Charles Correa, considered one of India's greatest architects, is celebrated for his post-war work in India in which he connects modernism with local traditions. Digital magazine, uncube, has dedicated a full issue to this renowned architect and includes reviews of the RIBA exhibition currently on view in London, a look at his most influential architectural projects, assesses his role as urbanist and planner, and an interview in which Correa reflects on his own career.
More after the break.
In the interview featured in uncube, Correa sits down with Rob Wilson. He discusses his inspiration for creating an architecture as a reflection of India, while maintaining a global relevance. Invention has been a dominant theme in Correa's work and he cites how Le Corbusier inspired his own work. Of Le Corbusier, Correa discusses how he showed the architectural world, and India specifically, how to "open a door into another landscape of [our] own making".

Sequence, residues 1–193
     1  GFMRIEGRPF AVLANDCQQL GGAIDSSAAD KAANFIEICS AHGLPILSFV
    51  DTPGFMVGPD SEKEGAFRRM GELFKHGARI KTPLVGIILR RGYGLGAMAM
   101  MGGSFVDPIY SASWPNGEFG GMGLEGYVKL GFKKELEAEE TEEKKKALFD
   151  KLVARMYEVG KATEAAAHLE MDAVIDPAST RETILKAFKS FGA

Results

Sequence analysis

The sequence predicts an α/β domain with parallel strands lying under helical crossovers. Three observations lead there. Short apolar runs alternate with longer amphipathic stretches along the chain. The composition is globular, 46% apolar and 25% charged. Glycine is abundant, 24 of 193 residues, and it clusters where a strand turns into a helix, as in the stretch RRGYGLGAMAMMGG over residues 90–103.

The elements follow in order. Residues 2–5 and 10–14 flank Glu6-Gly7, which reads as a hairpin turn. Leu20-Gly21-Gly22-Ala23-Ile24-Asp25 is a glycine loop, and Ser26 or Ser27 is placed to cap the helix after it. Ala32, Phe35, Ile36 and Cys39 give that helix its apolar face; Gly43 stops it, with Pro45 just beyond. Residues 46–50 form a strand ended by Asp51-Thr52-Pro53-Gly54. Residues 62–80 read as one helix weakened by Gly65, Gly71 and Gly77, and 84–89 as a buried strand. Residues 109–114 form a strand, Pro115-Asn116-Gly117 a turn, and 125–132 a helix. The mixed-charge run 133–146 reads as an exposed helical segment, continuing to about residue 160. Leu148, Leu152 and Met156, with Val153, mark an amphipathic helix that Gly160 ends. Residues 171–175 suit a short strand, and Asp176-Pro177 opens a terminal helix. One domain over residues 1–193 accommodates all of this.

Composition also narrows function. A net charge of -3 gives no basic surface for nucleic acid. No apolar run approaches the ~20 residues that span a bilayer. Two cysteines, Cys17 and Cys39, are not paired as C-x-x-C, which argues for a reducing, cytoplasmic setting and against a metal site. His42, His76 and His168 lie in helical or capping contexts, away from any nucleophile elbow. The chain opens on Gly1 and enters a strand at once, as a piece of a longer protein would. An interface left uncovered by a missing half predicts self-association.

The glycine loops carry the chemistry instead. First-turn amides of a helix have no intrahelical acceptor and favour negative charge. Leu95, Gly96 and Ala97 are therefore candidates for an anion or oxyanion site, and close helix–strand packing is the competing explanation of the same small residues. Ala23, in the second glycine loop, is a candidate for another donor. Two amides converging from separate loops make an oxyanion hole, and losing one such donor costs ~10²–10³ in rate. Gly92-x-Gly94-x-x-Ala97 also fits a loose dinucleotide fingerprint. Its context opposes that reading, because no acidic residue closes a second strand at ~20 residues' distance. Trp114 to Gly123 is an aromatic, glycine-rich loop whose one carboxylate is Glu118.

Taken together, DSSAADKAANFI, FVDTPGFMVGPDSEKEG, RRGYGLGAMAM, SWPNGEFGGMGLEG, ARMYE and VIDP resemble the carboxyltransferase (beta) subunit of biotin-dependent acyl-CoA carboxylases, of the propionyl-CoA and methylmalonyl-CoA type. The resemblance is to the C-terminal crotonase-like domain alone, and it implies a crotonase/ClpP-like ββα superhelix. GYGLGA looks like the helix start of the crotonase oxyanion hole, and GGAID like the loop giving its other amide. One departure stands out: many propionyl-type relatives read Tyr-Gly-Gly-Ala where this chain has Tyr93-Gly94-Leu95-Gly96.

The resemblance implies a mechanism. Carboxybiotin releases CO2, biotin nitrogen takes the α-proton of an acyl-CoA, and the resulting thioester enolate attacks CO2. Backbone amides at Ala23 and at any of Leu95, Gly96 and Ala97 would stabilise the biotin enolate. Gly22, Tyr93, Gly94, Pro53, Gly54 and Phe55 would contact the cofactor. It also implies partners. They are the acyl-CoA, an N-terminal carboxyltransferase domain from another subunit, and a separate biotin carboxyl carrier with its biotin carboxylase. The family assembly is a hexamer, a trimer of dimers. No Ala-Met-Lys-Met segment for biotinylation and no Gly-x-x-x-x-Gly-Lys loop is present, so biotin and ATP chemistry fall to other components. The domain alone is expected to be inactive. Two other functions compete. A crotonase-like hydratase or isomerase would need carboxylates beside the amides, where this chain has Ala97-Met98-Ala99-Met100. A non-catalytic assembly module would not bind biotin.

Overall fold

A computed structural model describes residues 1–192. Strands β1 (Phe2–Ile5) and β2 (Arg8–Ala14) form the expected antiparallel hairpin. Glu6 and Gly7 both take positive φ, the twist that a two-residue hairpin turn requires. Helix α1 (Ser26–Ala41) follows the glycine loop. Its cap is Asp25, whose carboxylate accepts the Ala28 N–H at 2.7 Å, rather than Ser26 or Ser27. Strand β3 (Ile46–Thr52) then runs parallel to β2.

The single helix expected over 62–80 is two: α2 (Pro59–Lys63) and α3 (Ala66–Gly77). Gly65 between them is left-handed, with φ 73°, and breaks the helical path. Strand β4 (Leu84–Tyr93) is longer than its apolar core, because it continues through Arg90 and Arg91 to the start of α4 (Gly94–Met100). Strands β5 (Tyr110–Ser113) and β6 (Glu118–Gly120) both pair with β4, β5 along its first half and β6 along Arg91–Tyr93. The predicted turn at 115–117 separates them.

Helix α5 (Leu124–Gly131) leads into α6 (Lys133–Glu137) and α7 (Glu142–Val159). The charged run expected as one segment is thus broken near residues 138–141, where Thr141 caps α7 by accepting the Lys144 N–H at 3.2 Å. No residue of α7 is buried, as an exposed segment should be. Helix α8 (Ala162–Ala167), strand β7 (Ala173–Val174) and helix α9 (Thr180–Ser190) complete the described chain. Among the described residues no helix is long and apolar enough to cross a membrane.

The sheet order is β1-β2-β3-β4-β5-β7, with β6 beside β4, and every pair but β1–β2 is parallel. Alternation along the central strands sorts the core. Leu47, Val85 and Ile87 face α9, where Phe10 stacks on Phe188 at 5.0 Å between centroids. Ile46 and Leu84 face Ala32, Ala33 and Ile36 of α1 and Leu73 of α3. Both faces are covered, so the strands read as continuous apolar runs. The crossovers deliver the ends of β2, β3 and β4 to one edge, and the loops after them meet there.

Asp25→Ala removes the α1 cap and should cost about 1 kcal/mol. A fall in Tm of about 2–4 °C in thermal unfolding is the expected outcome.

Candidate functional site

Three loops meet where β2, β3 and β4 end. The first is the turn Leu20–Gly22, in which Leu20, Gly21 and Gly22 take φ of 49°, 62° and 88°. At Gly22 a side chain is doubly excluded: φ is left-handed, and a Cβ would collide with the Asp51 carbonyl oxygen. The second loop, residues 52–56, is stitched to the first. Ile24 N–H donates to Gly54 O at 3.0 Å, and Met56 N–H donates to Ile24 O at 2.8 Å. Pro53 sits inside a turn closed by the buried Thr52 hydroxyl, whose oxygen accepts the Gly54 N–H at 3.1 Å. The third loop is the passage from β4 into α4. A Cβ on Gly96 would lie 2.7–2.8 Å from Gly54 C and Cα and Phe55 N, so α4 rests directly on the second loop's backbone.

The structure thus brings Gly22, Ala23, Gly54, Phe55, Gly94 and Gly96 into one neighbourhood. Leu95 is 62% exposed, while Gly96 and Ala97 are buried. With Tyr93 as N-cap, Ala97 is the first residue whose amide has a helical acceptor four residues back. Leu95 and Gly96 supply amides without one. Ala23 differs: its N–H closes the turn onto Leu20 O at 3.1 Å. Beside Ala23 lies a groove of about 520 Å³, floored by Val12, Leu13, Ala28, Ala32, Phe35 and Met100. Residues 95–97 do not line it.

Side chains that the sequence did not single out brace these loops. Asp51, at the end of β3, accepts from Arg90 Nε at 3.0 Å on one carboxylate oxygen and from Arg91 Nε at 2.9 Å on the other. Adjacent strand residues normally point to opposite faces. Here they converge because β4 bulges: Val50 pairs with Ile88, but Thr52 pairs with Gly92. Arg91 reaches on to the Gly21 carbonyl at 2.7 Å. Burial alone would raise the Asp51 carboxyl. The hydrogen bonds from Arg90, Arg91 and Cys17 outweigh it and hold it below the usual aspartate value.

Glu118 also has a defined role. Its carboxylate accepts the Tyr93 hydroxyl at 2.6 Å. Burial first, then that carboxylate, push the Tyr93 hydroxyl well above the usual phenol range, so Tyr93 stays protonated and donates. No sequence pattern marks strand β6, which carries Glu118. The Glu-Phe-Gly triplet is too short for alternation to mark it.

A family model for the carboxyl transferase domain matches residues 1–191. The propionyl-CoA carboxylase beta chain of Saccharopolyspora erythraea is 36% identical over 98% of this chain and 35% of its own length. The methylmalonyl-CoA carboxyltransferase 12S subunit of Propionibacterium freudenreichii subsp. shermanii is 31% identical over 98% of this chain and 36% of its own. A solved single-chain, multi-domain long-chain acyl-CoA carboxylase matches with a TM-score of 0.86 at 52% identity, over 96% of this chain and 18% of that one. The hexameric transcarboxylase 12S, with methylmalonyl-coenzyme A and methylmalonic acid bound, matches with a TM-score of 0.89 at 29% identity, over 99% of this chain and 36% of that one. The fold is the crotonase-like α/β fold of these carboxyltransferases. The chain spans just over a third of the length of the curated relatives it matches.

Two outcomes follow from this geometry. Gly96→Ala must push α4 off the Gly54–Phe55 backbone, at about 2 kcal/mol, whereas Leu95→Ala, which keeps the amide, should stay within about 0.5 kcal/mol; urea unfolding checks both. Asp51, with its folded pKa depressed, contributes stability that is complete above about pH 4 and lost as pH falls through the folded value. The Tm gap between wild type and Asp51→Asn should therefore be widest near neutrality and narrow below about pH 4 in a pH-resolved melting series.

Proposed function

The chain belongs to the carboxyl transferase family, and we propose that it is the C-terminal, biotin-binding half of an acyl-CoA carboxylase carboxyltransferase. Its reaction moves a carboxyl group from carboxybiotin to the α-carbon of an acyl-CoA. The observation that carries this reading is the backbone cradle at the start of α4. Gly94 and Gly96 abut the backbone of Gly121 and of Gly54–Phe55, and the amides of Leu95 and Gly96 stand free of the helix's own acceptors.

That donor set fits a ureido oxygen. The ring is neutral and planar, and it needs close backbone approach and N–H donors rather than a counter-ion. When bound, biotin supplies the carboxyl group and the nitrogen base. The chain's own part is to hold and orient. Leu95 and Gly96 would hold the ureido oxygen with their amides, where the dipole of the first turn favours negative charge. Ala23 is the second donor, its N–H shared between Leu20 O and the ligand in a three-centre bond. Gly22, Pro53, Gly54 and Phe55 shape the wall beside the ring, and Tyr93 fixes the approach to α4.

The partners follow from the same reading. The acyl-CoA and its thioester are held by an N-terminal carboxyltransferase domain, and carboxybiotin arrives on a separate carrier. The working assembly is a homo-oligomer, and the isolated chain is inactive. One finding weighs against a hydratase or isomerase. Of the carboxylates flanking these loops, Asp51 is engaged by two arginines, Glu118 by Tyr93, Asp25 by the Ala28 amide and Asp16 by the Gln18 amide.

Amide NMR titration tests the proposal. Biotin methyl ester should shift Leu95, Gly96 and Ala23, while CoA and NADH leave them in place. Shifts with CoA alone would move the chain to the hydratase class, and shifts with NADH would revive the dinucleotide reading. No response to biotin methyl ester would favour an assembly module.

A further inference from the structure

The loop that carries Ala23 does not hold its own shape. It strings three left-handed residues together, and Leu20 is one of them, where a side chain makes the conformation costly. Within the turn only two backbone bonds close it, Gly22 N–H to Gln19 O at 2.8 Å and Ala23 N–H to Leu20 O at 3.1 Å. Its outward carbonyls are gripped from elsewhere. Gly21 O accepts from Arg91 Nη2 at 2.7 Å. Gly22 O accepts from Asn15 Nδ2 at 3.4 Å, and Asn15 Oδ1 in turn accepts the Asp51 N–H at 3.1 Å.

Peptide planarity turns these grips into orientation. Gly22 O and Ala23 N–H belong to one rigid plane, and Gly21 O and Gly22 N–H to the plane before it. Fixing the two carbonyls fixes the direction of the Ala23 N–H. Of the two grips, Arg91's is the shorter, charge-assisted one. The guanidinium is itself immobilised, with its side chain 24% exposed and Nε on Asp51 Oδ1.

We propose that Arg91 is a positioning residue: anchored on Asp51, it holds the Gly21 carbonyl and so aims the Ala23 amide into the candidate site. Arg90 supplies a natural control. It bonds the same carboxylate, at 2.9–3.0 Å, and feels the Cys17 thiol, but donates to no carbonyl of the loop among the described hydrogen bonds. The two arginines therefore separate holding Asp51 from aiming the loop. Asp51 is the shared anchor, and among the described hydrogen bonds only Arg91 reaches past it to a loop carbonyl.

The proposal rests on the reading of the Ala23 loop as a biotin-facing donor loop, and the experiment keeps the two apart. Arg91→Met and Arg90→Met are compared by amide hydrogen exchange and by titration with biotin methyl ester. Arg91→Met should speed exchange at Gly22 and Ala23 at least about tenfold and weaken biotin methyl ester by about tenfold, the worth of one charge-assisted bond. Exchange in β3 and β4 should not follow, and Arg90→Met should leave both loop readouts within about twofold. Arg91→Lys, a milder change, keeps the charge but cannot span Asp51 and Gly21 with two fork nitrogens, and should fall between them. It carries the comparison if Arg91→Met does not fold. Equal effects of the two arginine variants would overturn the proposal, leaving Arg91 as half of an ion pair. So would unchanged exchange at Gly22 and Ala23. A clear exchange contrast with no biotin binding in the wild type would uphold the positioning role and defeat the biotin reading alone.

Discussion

"Architecture has always had this mythical or metaphysical component," says Correa, "It's extraordinary that since the beginning of time, man has used the most inert materials, like brick and stone to express the invisibilia that move him."